The Idiot’s Guide to the Reserve Bank’s View for 2011 & Onwards

You would have seen that the official cash rate (OCR) has remained unchanged at 3%, so it good to know that lending rates won’t be changing any time soon.    I attended a breakfast presentation by a senior Reserve Bank manager this morning.  It was off the record, so I won’t mention names.  And here’s the potted version of their December Monetary Policy Statement, filtered for your benefit.

2010 economic growth (GDP) has definitely been slower than 2009, and a modest increase in activity is forecast for 2011.  The biggest areas of growth are expected to be in the export sector and, domestically, as a result of the Christchurch earthquake.  The impact of the Christchurch earthquake will carry over for a few years, starting with rebuilding of residential housing in 2011, and the commercial building and infrastructure activity not really kicking in until 2012.  The Chch earthquake work is forecast to cost $5bn and add an extra 2.6% to GDP over 2011-2013.  The Rugby World Cup next year will also help the domestic market.

But because domestic growth is temporary in nature, there will probably be a reduction in growth from later in 2012, unless something else happens in the meantime.

Businesses are still relatively cautious and there has been increased employment, but only modest capital investment.  So clearly businesses are not prepared to invest heavily in capital until there is a bit more certainty.  And businesses are not borrowing either – instead debt in the business sector is reducing.  That’s certainly the comments that we are getting from the banks we talk to, as well.

Households are still in saving and  debt reduction mode. We are hearing of families who are reducing the number & cost of presents this Christmas, so clearly the wallets are still shut.  Hopefully not to Scrooge- type lengths and that there is still plenty of room in the household budget for the all-important food, drink and general conviviality with family and friends.  The housing market has weakened since a bit of a jump at the end of 2009.      There may be further falls of up to 5%.  There is still some residential rental investment, but decisions are now being based on rental yields instead of an expectation of capital growth.  The changes in LAQC rules may have an impact as well – we are also hearing mumblings from rental investors about selling off some of their rental properties.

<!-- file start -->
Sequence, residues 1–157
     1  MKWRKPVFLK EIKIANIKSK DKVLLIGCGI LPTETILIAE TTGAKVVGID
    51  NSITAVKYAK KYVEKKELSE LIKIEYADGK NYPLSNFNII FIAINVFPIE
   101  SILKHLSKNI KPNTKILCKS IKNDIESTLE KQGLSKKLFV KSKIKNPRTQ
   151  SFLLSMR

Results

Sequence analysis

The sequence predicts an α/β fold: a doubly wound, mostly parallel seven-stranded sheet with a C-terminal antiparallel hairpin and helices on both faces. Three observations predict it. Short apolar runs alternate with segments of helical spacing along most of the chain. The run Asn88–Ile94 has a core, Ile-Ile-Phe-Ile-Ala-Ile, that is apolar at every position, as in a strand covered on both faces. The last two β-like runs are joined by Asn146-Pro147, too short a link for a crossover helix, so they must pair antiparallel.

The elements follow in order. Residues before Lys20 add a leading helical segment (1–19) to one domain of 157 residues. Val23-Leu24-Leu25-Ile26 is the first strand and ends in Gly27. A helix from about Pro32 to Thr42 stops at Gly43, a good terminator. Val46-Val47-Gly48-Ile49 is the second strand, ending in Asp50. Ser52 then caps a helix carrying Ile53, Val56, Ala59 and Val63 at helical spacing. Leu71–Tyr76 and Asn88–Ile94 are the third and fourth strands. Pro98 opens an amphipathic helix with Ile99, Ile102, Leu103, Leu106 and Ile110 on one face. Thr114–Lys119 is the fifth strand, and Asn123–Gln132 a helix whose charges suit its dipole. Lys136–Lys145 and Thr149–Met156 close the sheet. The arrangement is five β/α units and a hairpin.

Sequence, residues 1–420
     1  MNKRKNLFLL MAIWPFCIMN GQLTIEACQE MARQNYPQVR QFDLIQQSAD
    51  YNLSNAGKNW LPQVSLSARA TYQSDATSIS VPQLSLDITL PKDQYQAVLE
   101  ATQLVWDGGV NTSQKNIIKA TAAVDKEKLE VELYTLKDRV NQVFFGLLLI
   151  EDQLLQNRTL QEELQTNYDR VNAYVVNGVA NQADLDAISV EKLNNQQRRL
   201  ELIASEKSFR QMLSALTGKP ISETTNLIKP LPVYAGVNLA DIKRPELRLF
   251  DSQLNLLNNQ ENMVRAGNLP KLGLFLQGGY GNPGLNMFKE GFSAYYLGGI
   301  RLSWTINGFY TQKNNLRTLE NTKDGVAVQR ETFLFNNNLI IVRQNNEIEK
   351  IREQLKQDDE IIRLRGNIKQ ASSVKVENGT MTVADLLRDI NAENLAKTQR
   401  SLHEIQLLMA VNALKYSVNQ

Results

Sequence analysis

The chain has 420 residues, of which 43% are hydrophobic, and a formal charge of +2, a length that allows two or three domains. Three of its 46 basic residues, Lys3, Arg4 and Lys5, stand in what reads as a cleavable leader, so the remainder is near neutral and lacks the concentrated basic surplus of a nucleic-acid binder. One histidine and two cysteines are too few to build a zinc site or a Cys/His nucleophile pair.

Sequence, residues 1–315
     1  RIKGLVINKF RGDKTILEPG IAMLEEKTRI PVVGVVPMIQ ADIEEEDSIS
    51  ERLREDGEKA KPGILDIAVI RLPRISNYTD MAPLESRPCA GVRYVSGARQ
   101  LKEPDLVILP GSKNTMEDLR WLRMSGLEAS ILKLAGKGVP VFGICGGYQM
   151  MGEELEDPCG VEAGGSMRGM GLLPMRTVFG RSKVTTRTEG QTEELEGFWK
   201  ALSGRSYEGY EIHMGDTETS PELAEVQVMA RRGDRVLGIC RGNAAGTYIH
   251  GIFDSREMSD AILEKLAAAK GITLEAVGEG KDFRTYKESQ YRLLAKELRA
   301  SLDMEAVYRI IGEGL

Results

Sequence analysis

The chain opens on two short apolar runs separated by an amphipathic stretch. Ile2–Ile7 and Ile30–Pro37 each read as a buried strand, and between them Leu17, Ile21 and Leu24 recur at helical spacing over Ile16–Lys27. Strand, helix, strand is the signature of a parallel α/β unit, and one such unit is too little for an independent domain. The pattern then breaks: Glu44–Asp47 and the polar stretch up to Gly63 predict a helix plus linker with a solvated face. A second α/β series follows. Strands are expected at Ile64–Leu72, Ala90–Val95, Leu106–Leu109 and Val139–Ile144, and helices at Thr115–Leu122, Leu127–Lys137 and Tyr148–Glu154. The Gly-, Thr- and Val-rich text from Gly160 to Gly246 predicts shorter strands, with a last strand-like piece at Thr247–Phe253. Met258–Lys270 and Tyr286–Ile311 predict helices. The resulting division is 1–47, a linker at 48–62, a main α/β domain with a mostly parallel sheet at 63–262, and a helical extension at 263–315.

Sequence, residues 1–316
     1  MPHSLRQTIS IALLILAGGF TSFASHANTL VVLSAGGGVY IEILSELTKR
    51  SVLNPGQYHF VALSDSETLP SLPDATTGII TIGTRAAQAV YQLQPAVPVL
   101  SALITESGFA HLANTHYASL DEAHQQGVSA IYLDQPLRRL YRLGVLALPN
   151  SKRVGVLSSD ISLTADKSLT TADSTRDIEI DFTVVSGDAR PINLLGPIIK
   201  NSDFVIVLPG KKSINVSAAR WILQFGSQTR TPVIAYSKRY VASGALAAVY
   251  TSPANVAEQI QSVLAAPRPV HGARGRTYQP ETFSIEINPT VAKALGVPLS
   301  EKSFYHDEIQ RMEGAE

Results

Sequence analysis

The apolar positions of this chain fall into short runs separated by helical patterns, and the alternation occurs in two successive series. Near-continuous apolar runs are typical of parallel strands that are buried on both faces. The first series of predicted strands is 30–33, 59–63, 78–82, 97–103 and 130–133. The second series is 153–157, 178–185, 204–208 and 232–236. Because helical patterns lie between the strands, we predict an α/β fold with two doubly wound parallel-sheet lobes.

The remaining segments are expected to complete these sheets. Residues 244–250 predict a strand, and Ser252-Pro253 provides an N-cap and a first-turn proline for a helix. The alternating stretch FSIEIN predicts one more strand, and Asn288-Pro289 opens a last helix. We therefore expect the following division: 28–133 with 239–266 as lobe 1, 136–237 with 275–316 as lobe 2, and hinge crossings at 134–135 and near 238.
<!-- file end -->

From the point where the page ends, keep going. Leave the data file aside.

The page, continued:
Government spending is likely to decrease.  And let’s face it, we don’t want to become bankrupt like Greece or Ireland simply because the government spent more than was prudent in giving the economy a tickle.   But as the government reduces its fiscal stimulus programme, then expect interest rate  increases – probably in late 2011.

Globally, it a game of 2 halves –  Asia/Pacific vs the Old World.   And that’s evident in our exchange rates, with a high US$ rate, while steady against Australia.  Anyone who is buying from the US and selling to Australia must be looking pretty good right now.  NZ is relatively lucky in that 60% of our exports are to Australia/Asia and the NZ commodity prices are still strong.   So, at the moment, we really are living in Godzone even if it doesn’t always feel like it.

And finally, inflation.  We’ve been running at around 2 – 2.5% but the GST rate rise has added another 2.22% on top of that.  But this is likely to just be a spike and is expected to reduce back down to the longer-term range of 2.5% -3.5%.

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